"When I finally met Zeide at a Shabbat dinner, I made the mistake of bringing up the fact that I favored post-modernist schools of Marxist thought. He stopped talking to me for the next several hours. At the end of the evening, he explained, ‘They’re all thought and no balls, the post-modernists.’ We had a short conversation and agreed to go to a movie together the next day. At that point, in his last bout of exceptional health (throughout his 80s), he was seeing six movies in the theater every week. Since then, we stayed in close touch. A couple of years ago I had the opportunity to protest outside of one of the houses of a Bank of America Board Member in Washington, D.C. and I sent him a letter explaining that every time I participated in some form of direct action, I thought of him. I told him that he was my inspiration, which he was. His response was warm and appreciative."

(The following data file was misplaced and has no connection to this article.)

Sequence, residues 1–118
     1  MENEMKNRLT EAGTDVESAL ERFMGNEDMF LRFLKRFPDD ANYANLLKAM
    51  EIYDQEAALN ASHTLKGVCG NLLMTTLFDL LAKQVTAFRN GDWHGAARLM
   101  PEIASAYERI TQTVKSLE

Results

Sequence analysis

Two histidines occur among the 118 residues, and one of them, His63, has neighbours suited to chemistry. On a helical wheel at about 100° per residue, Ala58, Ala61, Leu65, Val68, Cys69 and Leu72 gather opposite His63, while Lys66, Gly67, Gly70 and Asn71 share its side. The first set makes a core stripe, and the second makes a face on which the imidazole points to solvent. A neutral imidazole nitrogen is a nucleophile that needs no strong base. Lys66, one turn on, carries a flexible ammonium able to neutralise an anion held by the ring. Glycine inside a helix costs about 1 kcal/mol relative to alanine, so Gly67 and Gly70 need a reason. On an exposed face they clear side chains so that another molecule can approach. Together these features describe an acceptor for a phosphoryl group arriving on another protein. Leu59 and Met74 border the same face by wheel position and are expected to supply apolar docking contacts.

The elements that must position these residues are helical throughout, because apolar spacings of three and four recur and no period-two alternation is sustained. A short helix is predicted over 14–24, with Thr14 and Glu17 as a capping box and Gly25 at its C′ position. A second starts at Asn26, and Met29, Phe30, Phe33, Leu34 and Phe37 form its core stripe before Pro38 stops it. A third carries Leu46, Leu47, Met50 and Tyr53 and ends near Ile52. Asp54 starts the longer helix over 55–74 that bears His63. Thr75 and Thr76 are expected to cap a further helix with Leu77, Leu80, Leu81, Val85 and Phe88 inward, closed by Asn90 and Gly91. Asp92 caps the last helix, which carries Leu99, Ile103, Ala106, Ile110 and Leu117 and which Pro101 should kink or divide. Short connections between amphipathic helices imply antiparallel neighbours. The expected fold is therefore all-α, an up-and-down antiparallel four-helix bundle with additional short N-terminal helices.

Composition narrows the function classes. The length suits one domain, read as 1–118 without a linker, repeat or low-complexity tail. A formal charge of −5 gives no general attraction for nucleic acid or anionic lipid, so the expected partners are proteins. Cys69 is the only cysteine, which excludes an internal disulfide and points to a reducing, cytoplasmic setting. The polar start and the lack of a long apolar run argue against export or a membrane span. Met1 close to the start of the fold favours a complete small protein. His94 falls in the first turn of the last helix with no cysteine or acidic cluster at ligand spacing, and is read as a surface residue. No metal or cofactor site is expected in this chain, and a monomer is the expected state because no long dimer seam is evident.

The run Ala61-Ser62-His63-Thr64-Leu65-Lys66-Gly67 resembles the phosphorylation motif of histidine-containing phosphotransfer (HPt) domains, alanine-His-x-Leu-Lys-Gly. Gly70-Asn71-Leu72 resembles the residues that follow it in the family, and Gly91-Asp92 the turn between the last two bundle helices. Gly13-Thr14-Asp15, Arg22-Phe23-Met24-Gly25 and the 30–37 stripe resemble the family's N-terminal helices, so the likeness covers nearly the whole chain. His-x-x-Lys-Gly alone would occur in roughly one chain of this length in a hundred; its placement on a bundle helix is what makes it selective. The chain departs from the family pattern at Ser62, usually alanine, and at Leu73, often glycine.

"I think that when I was younger, I looked up to Zeide because of his affiliations. I was a young, leftist, working class WASP from small town Maine where rigorous political involvement—particularly radical engagement—isn’t common and here was this real-live communist, rabble rousing bombardier who had actually known Dr. King. He had seen the civil rights movement first hand, and had served in the Second World War. He was a character in not just one, but in many mythical happenings. To a large degree, I maintain this fascination though in what is perhaps a more nuanced way. I maintain an appreciation for what each of his affiliations mean on their own, but also in relationship to the others. He was a communist patriot, illustrating that you could come from various conflicting ideological motivations at once. And Zeide’s overlapping affiliation as a communist, a civil rights activist, and an atheist (which, he says, Dr. King found as funny as he found it absurd) illustrated the intersections between Marx, progressivism and civil rights, the socialist heart of which has largely been overlooked in popular memory of that time.”